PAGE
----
In persons with impaired glucose tolerance, an intensive lifestyle intervention or treatment with metformin plus standard lifestyle recommendations was more effective than standard lifestyle recommendations alone for preventing or delaying onset of the metabolic syndrome. Also, the intensive lifestyle intervention was more effective than metformin for preventing the metabolic syndrome.
Source of funding: National Institutes of Health.
For correspondence: Diabetes Prevention Program Coordinating Center, George Washington University, Rockville, MD, USA.
Table. Intensive lifestyle intervention (ILS) or metformin plus standard lifestyle vs placebo plus standard lifestyle for prevention of the metabolic syndrome at mean 3.2 years†
|Outcome||Comparisons||Cumulative incidence||RHR (95% CI)||NNT (CI)‡|
|Incidence of metabolic syndrome||ILS vs placebo||38% vs 61%||41% (28 to 52)||4 (3 to 7)|
|Metformin vs placebo||50% vs 61%||17% (0 to 31)||9 (5 to 41)|
|ILS vs metformin||38% vs 50%||29% (13 to 42)||9 (5 to 33)|
†RHR = relative hazard reduction. Other abbreviations defined in Glossary.
‡NNTs provided by author.
The Diabetes Prevention Research Group previously reported in a separate analysis that both ILS and metformin were effective in reducing risk for progression to type 2 diabetes, with ILS being approximately twice as effective as metformin (1). The metabolic syndrome, as defined by NCEP III, represents a cluster of cardiovascular risk factors that are associated with excess visceral abdominal fat and insulin resistance. Much of the excessive cardiovascular risk associated with impaired glucose tolerance is explained by concomitant presence of the metabolic syndrome. The trial by Orchard and colleagues found that the results for incidence of the metabolic syndrome paralleled those for new-onset diabetes, with ILS being more effective than metformin, which in turn was more effective than placebo. ILS reduced cumulative incidence of 4 out of the 5 metabolic syndrome components (i.e., all except low high-density lipoprotein [HDL] cholesterol level), while metformin only reduced the cumulative incidence of 2: large waist circumference and high fasting plasma glucose levels. The relatively modest targeted weight loss (7% of initial body weight) and amount and intensity of exercise (target 150 min/wk) with ILS might explain why HDL cholesterol was not affected; greater volume and intensity of exercise are probably needed to increase HDL cholesterol (2).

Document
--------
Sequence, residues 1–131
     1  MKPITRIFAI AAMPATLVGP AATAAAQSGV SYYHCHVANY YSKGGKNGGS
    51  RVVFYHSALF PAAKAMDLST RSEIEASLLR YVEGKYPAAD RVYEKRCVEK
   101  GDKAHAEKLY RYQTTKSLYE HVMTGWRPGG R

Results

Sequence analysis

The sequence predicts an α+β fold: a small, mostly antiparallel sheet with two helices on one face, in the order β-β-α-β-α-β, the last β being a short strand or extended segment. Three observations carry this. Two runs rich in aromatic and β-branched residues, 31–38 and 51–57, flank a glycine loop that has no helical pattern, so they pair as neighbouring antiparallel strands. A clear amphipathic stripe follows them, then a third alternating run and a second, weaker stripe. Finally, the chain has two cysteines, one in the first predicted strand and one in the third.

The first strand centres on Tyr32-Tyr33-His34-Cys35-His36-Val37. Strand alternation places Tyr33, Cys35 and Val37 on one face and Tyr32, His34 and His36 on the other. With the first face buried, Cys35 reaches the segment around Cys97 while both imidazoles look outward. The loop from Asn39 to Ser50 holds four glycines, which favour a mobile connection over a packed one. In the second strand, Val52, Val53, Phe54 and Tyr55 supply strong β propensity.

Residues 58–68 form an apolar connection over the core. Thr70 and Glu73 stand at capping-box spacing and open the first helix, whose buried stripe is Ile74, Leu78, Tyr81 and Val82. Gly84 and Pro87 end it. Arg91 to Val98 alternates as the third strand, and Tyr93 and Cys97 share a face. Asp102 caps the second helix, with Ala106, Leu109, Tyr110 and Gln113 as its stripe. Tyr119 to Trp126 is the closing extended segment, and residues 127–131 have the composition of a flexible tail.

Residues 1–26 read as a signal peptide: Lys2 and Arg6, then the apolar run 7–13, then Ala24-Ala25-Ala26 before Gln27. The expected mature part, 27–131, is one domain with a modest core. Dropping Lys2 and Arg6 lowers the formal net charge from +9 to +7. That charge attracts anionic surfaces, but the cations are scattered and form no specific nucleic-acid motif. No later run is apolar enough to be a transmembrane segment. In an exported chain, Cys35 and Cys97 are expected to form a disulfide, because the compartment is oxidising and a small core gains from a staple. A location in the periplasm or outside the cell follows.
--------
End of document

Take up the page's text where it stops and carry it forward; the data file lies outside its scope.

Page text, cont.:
Nevertheless, this trial provides additional evidence for the value of an individualized, structured, supervised ILS to reduce incidence of multiple cardiovascular risk factors that collectively constitute the metabolic syndrome.
Ronald J. Sigal, MD, MPH, FRCPC
Ottawa Health Research Institute and University of Ottawa
Ottawa, Ontario, Canada
1. Knowler WC, Barrett-Connor E, Fowler SE, et al. Reduction in the incidence of type 2 diabetes with lifestyle intervention or metformin. N Engl J Med. 2002;346:393-403. [PubMed ID: 11832527]
2. Kraus WE, Houmard JA, Duscha BD, et al. Effects of the amount and intensity of exercise on plasma lipoproteins. N Engl J Med. 2002;347:1483-92. [PubMed ID: 12421890]